Improving textual connotation to buttons

by Roi Mulia   Last Updated April 25, 2016 08:06 AM

I'm developing a "photo editor'sh" app. At the final stage, just before saving the outcome to the camera roll, I'm previewing the outcome to the user(With my own watermark), with two option:

1.Save Without watermark/tag

2.Save With watermark/tag

The main problem is that "With watermark",sounds positive while the "without watermark" sounds negative.While in the real use-case i want the user to click the option 1(without) - who trigger the In App Purchase window

Watermark sample :

enter image description here

Options sample(I've tried to change the text it self, but i don't think it got the desired effect):

In order to focus our problem on textual content only,I've added below a new screenshot of the options, in terms of design only(UI),not content.

enter image description here



Answers 2


I agree with comment by @jazZRo to your previous question that it is better to include price to first button. Thus you can avoid user frustration by clearly showing the options. However, the decision is yours.

Possible wordings for the buttons:

  • Save pure image ($00.00)
  • Save pure ($00.00)
  • Save clean image ($00.00)
  • Save clean ($00.00)
  • Save tagged image (free)
  • Save tagged (free)
  • Save with watermark (free)
umcdwarf
umcdwarf
April 25, 2016 09:52 AM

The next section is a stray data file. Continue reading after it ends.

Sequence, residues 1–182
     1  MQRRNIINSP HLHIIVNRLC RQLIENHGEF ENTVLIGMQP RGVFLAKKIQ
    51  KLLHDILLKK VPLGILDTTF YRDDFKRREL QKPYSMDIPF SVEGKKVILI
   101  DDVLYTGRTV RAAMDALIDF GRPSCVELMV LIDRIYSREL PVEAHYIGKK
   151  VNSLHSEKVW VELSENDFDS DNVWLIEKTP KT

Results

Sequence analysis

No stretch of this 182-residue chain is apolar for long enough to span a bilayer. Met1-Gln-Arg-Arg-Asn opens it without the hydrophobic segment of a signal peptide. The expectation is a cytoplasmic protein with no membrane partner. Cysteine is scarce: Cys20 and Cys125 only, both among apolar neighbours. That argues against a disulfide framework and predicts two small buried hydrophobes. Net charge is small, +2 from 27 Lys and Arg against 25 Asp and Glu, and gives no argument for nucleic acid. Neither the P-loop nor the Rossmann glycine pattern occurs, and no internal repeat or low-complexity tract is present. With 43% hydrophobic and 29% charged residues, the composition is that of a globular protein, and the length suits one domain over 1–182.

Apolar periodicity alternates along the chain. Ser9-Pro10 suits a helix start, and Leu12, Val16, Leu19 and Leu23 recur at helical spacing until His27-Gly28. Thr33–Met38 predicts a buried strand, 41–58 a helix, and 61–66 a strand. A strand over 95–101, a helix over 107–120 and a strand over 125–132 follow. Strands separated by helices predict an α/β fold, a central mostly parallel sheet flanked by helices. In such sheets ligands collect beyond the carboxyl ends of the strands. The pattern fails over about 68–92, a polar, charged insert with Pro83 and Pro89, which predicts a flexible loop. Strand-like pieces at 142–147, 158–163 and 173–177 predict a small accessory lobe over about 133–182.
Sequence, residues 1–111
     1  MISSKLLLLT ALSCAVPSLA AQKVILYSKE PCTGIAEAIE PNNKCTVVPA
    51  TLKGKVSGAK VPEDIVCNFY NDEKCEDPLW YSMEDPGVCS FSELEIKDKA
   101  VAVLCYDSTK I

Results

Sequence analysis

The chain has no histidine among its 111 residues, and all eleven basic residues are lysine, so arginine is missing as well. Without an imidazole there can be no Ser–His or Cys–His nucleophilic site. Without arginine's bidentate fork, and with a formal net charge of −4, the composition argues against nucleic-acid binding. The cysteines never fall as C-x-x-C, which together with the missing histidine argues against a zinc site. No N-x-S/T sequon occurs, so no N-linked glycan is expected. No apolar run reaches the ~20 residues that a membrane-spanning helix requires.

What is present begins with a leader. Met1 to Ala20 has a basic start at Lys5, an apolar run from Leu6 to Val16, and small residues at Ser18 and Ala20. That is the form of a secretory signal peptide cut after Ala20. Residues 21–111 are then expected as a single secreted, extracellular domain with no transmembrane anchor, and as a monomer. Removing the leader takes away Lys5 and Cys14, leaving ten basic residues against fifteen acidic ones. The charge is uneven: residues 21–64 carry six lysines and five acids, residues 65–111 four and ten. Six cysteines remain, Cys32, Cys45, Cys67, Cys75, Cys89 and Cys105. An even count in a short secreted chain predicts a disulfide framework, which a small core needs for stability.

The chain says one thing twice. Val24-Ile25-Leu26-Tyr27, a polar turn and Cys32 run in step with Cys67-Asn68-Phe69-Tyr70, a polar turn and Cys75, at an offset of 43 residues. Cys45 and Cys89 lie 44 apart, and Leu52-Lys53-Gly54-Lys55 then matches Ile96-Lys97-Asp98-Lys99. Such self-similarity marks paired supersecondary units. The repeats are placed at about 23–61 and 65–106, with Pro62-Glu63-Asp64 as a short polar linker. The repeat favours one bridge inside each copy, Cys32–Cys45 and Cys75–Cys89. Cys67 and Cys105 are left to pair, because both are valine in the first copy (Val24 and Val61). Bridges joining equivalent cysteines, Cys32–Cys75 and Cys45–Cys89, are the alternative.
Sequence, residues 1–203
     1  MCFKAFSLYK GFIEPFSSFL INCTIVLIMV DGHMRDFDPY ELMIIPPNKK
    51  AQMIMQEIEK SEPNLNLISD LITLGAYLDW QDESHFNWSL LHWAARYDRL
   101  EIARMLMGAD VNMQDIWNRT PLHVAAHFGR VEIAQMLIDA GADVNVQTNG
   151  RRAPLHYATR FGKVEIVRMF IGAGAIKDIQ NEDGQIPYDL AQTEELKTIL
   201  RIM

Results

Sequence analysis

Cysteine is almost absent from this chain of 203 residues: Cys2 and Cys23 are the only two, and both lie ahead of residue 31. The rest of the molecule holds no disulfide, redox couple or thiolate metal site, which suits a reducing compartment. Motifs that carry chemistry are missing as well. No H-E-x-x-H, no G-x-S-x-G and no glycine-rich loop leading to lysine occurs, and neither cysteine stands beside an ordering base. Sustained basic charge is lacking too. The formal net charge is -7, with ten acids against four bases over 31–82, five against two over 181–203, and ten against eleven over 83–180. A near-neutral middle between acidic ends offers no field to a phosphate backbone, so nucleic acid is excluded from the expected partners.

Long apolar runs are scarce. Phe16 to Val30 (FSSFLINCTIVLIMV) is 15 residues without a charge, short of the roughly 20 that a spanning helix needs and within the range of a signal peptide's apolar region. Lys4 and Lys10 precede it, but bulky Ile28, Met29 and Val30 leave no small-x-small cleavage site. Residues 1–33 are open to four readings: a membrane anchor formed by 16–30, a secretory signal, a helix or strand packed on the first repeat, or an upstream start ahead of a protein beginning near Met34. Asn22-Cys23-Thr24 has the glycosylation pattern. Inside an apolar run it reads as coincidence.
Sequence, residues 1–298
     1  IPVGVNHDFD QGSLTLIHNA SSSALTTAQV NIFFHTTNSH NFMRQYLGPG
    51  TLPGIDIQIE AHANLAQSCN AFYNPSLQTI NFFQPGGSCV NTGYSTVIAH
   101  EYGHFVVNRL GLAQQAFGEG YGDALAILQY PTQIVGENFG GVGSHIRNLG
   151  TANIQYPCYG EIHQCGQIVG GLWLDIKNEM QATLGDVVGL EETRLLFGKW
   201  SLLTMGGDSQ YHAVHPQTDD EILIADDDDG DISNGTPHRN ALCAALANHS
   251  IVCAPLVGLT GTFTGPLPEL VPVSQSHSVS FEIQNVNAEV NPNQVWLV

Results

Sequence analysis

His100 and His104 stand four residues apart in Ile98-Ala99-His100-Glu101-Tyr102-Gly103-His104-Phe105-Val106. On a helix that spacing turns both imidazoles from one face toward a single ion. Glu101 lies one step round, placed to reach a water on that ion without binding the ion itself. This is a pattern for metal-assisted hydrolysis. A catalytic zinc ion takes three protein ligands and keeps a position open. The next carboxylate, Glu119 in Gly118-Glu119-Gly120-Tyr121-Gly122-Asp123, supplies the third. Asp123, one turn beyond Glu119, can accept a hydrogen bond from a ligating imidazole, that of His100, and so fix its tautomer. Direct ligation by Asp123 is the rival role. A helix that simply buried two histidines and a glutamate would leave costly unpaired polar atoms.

You may want to consider an alternative solution entirely.

Allow your users to edit > save seamlessly. Keep the UX enjoyable and decision free i.e. don't risk confusing or annoying the user when it comes to saving a photo every time they do so.

What if a user doesn't understand what a watermark is for example?

Instead, just allow them to save away without any questions. As long as the preview clearly shows your watermark on the photo then they wont be surprised when it appears on the saved photo.

Now, after the photo has been saved away, you could direct them to a page or prompt within the app to 'inform' them that there is a way to save photos without a watermark. Then offer a link off to the in app purchase. I would even consider offering a 'Don't tell me again option' to this, and then clearly indicate where they can go to find the upgrade option if they change their mind in the future.

This way you don't interrupt their workflow of editing and saving with the 'upgrade' option.

It also allows them to save a few photos with your watermark on so that when they are told there is an option to get rid of this they will more likely understand what it is you are referring to and even be tempted because they have seen the effect of not having the upgrade.

Key points:

  • Let them experience the free option first so the upgrade makes sense
  • Ask to upgrade at appropriate times - don't interrupt basic workflow if not necessary
Dave Haigh
Dave Haigh
April 25, 2016 10:39 AM

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